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Charlotte Amalie
Tuesday, June 18, 2024
HomeNewsLocal newsScientists Warn of Yet Another Threat to Coral Reefs

Scientists Warn of Yet Another Threat to Coral Reefs

The outlook for coral reefs continues to dim worldwide, and regionally, the situation is particularly dire.

Already rapidly degrading from bleaching events, from the mysterious pathogen of Stony Coral Tissue Loss Disease, and from various human-development stresses, Caribbean reefs are now exploding with algae crusts that threaten to muscle out live coral.

So-called PAC (peyssonnelid algal crusts) are not a new phenomenon. Marine scientists have long been aware of their negative impact on coral reefs, where they compete for space and nutrients with coral. What is new is the speed at which PAC are overtaking corals in some parts of the world, including the Caribbean.

A picture from July 2020 shows the red alga (Ramicrusta textilis) overgrowing endangered staghorn coral (Acropora cervicornis) on a reef near Flat Cay. (Photo by Tyler B. Smith)

In a research paper entitled “The Rising Threat of Peyssonnelioid Algal Crusts on Coral Reefs,” published earlier this month in the peer-reviewed publication Cell, the authors suggest that PAC “could hasten the global demise of corals on reefs under accelerating climate change.”

The paper is the work of three researchers: Peter Edmunds of California State University, Thomas Schils of the University of Guam, and Bryan Wilson of the University of Oxford, United Kingdom.

Their findings dovetail with local research, according to Tyler Smith, a University of the Virgin Islands professor and the director of the territory’s coral reef monitoring program.

The local program tracks 34 reefs throughout the territory, in depths ranging from about seven feet to 220 feet, he said.

Smith said that one author of the recent report, Edmunds, has been studying reefs in St. John waters for about 40 years.

“PAC became conspicuous on the reefs of St. John, United States Virgin Islands, around 2012, and by 2019 they covered 47 percent to 64 percent of benthic space (ocean bottom) at three-meters depth,” the paper states.

“We really noticed it about 2016 or 2017,” Smith said. It prompted the V.I. researchers to look back at video records they had from previous surveys, and sure enough, they were able to spot a small amount of PAC that had previously been overlooked. The damaging algae crusts have been on St. John reefs “since at least 2004.”

PAC is easily mistaken for other types of algae, according to the report.

That’s one reason it is unclear whether the current prevalence of it on Caribbean reefs indicates an ecological change that has caused PAC production to rapidly accelerate or whether it is an invasive species that is multiplying rapidly because it has few predators in this area.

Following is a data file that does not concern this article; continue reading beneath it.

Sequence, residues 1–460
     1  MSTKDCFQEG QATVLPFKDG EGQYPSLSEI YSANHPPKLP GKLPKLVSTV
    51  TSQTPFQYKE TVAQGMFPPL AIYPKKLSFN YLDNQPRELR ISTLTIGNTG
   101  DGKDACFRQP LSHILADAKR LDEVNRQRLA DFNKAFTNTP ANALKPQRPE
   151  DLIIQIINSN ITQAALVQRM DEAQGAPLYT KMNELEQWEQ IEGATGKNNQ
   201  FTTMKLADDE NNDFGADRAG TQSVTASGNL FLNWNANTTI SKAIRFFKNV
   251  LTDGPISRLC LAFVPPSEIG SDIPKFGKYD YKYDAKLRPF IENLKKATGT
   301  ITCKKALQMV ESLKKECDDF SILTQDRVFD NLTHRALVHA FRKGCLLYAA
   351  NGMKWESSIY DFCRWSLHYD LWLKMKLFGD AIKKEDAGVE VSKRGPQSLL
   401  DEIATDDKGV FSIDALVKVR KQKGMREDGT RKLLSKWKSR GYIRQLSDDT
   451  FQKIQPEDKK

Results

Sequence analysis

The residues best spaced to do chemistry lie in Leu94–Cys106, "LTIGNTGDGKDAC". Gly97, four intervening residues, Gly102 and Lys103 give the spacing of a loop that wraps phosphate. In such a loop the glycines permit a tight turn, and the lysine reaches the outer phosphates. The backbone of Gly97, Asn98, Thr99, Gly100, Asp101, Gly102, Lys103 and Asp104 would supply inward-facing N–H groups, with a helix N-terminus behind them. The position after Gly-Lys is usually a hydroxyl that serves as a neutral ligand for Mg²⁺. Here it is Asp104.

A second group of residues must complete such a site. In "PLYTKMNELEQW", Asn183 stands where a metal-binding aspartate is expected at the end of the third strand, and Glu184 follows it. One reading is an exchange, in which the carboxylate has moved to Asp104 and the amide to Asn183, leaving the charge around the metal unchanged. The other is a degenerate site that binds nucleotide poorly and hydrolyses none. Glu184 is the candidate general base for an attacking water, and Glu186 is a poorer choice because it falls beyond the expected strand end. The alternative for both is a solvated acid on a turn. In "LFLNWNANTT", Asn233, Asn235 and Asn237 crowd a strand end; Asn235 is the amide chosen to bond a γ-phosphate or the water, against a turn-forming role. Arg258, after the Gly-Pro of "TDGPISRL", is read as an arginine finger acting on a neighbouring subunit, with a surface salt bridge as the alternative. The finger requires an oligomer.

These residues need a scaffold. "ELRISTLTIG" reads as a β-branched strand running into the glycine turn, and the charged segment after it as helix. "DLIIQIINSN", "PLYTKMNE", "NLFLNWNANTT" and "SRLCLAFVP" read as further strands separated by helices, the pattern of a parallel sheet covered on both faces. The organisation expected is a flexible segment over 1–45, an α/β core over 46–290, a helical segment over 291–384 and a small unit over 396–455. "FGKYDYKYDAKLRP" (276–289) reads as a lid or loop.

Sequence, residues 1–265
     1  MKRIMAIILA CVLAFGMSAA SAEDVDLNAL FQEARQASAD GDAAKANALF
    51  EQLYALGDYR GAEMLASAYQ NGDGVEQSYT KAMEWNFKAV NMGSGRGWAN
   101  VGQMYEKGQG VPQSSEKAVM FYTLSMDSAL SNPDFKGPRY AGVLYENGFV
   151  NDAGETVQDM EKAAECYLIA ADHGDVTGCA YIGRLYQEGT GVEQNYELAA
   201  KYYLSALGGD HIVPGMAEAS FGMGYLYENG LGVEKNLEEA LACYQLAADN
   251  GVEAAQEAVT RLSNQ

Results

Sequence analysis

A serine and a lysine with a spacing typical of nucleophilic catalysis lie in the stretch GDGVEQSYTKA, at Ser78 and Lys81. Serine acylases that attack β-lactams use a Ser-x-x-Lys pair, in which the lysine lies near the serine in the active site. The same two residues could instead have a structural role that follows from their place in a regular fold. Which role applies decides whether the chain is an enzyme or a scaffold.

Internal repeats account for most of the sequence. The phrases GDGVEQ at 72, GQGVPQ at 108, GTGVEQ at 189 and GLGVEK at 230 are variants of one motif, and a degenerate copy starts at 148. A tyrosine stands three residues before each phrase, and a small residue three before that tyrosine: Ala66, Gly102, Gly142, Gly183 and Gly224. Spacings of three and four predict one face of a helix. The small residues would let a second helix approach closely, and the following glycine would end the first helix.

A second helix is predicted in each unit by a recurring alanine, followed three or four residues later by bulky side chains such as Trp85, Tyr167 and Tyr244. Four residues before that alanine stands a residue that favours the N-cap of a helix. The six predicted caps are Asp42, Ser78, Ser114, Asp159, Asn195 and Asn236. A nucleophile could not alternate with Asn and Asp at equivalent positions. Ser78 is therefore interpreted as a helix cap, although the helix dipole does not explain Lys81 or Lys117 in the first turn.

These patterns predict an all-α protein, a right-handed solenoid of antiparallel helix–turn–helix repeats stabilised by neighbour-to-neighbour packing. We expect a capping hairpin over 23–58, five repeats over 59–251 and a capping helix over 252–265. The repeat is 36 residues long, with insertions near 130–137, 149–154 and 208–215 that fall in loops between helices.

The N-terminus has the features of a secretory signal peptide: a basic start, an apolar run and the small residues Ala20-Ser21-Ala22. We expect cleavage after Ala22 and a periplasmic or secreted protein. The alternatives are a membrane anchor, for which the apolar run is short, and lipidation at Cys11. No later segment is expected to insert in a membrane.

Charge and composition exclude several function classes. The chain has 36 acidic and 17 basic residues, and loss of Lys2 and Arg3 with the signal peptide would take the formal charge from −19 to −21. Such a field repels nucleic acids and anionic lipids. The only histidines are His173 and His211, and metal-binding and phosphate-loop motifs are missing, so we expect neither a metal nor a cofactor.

“Maybe we’re just seeing it more,” Smith said. Or maybe it hitched a ride on a vessel coming from the Indo-Pacific, where it has long been established.

Either way, controlling PAC is not going to be easy. Smith cited two UVI research projects that showed it is highly resilient.

One study conducted by Karli Hollister in 2018 found that only one in six coral species studied was able to stop the advance of PAC.

At Flat Cay off the west end of St. Thomas, a red alga crust (Ramicrusta textilis) overgrows the endangered boulder star coral (Orbicella annularis) in this July 2020 photo. (Photo by Tyler B. Smith)

In a follow-up study, another UVI student, Alexys Long, tested the effect of providing extra nutrients to PAC.  There was virtually no change, indicating that the algal crust already gets all the food it needs. Long also introduced some PAC to what may be their only serious predator in the Caribbean, the black spiny sea urchin, and showed “it took very high numbers” of sea urchins to control the spread of PAC.

Unfortunately, as the authors of the Cell report noted, the sea urchin is still recovering from a “population collapse” a few years ago.

Smith said there is an ongoing project in Puerto Rico to “grow” sea urchins that could prove useful.

Short of a massive effort to physically remove PAC – obviously an impractical undertaking except in a small, confined space – there apparently is little other method of intervention.

Smith said he leans towards the idea that PAC is an invasive species. If so, “eventually, natural controls will kick in.”

He also noted that although PAC has rapidly become pervasive, “It’s not taking over everywhere.”  It tends to favor reefs in clear water where there is a lot of wave action.

Meanwhile, there are still other coral problems to worry about.

Record water temperatures at the end of the summer translated into a 2023 bleaching event that rivals that of 2005, Smith said. The event 18 years ago weakened a massive amount of the V.I. coral population and more than half of them died from resultant disease.

It’s too soon to know how this year’s bleached coral will fair in the aftermath of the event, Smith said, but added, “We do expect a lot of morbidity.” We’ll know the extent in early 2024 when reef surveys are conducted.

Last spring, a report on Stony Coral Tissue Loss Disease co-authored by another UVI professor, Marilyn Brandt, underscored the dangers facing coral reefs:  Since the 1970s, there has been a decline of between 50 percent to 80 percent of living coral tissue.

The lush Caribbean reefs of the 1980s are gone, Smith said.

It was their beauty that lured him into the field of marine science, he said, adding with dark humor, “I didn’t expect to be a coroner or a hospice nurse.”

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